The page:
Duo Fastos: Pre-historic Egyptian calendars that have shaped our modern concept of time

Nii Ashaley Asé Ashiley Jul 15, 2019 at 06:00pm

July 15, 2019 at 06:00 pm | History

Nii Ashaley Asé Ashiley

Nii Ashaley Asé Ashiley | Contributor

July 15, 2019 at 06:00 pm | History

Image source: nilescribes.org

Where do we draw the line between the Past, the Present and the Future?

We stand in the Now; that functional gap between the Past and the Future and from this standpoint, we may have observed that every tick of the clock nullifies our ‘Now’ into a Past and the same ‘Now’ into a Future simultaneously. So in this space, we witness the joint creation of not only two distinct time periods, but two worlds as well by the gain of each fleeting second. Can there be an explanation for this cosmic magic? Time as we know it is non-existent. Our conception of time is but a mental construct created to aid in the orderly presentation of history to Present generations so that in the nick of time, they can predict the future; safeguarding it or themselves against it whatever the case may be.

The Ancient Egyptians crafted their civilization from the area around the Nile river and as a people who were made by the Nile; given the noble fact that their entire culture was made possible by the presence of the Nile river and the generous riches her banks provided, it was necessary for their most advanced observers to study the rise and fall of the Nile, as well as the length of time elapsing between each rise and each fall. This observation of the River Nile’s activities is what led amongst other events and inventions to the creation of the ancient Egyptian calendars from which modern-day calendars derive their accuracy.

From their observance, ancient Egyptians also realized that the rise (overflowing of the Nile) of the Nile coincided with the rise of the star named; Sirius, close to Sun. During this period, the Egyptians took on other ‘menial’ jobs to cater for self and family as the farm fields were mostly covered by the Nile.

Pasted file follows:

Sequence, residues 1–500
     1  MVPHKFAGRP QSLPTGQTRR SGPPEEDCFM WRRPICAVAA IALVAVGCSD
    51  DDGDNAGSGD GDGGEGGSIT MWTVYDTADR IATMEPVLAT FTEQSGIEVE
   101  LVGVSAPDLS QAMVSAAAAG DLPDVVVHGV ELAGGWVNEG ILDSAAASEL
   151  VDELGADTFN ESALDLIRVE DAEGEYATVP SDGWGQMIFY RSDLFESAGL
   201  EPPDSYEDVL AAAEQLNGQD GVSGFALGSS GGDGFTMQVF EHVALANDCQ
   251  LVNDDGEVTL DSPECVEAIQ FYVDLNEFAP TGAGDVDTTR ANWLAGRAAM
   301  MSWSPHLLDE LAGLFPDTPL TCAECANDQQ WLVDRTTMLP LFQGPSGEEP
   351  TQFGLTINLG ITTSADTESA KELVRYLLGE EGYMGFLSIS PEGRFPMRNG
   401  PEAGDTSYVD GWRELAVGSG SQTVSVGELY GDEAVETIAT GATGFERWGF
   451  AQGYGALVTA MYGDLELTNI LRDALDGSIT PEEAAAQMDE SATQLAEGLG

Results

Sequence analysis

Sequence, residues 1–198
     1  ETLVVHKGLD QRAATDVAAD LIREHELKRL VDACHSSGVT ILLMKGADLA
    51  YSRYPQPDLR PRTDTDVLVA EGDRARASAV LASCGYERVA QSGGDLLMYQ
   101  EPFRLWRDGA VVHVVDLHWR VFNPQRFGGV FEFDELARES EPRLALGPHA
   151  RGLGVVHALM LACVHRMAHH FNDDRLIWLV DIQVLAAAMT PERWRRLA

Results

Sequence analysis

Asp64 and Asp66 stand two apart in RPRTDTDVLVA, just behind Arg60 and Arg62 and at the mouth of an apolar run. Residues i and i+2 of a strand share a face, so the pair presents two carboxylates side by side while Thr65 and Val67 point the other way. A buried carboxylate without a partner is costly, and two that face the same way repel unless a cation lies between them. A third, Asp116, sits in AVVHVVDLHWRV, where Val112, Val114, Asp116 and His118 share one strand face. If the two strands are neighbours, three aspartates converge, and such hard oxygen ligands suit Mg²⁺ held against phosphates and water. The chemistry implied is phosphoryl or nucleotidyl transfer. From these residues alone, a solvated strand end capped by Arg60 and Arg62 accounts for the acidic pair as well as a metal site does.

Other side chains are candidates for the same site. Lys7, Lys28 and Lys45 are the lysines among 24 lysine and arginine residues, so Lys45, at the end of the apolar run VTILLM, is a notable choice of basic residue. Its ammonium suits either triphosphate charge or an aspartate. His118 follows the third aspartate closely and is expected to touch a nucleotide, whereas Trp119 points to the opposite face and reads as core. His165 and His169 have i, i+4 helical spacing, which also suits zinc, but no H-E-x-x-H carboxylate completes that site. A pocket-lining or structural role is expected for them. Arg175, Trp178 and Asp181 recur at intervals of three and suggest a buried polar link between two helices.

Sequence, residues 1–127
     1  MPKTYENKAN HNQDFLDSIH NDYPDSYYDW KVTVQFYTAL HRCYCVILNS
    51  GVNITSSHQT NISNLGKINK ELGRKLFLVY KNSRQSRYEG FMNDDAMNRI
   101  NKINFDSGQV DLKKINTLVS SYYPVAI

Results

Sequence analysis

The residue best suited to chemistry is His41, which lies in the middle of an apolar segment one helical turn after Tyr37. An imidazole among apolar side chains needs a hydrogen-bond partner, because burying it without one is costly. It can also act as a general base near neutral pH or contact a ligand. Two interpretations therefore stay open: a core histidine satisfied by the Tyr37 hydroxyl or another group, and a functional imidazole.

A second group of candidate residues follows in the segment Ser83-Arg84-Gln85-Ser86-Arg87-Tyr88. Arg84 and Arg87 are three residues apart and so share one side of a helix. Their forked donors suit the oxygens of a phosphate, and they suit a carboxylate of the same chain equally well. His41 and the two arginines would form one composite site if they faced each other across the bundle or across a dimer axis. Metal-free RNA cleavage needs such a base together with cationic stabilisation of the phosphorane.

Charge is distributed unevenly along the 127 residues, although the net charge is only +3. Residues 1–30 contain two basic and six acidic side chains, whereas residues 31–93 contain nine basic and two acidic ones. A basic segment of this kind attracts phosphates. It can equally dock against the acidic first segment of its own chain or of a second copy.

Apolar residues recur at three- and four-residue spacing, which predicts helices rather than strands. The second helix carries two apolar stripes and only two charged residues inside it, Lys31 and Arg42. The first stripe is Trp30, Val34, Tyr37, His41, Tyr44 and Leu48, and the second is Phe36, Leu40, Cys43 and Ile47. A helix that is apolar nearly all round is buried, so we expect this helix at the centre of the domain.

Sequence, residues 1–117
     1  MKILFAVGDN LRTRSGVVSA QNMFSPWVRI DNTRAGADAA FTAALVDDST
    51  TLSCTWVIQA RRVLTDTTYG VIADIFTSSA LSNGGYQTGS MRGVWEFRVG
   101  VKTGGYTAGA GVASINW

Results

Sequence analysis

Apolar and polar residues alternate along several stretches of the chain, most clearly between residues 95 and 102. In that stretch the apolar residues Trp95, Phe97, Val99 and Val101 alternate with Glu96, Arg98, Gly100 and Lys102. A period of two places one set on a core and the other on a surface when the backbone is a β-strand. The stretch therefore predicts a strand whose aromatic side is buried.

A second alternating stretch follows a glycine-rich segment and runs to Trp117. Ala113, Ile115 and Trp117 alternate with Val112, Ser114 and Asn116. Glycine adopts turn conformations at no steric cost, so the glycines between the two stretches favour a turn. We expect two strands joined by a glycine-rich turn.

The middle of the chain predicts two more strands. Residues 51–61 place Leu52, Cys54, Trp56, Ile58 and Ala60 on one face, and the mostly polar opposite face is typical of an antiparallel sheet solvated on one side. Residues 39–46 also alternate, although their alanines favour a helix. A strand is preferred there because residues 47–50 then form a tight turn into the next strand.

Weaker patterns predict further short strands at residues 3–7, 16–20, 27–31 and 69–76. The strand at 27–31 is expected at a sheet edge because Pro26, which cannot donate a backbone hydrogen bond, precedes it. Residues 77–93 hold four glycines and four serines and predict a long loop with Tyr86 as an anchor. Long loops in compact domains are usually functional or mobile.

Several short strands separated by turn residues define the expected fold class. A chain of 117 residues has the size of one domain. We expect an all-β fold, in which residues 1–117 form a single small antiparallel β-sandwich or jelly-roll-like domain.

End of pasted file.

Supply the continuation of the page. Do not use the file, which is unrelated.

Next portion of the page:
The Lunar calendar, as one of the calendars employed by the ancient Egyptians in ordering the courses of their events, was made up of 12 Lunar months. Each Lunar-month began on the period where the old moon crescent was no longer visible at dawn in the Eastern sky. The ancient Egyptians used this calendar in their ritualistic ceremonies.

Seeking to further organize their general day to day activities, the Solar calendar or Civil calendar was invented to serve that purpose. The invention of the Solar calendar was inspired by other than the reason aforementioned an observance of the number of days that passed between each star rising. Given the star named Sirius which was observed by the Egyptians to rise in tandem with the rise of the Nile, an estimated 360 days was observed to have passed between its solar rising bringing us an annual calendar of 360 days. It is reported that an additional 5-day balance was afforded the calendar to allow for civil and cosmic consistency so to speak.

The Solar or Civil calendar which has been dated to as far back as 3000 BC was structured as follows; 10 days made up 1 week, 3 weeks made up 1 month, 4 months made up 1 season and the 4 seasons in addition to the 5 added days made up a rounded 365 annual calendar. Each of the 3 seasons making up the ancient Egyptian calendar year signified the rise, recession and ‘emptying’ of the Nile in charting the course of their planting and harvesting seasons.

This calendar, as well as other time-telling inventions of the ancient Egyptians and other respectable civilizations pre-dating Egypt, served as formidable bases for our modern conception of time and time measurement as far as the days and seasons go. Time is a continuum secured in space, where it began and where it may end who can know? But the clock ticks nevertheless.

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